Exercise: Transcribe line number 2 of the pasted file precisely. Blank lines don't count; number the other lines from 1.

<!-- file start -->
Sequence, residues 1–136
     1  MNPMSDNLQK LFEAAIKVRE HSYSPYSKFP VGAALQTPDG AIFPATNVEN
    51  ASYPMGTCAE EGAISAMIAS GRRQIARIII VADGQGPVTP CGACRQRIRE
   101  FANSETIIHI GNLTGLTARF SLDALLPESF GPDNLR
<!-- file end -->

     1  MNPMSDNLQK LFEAAIKVRE HSYSPYSKFP VGAALQTPDG AIFPATNVEN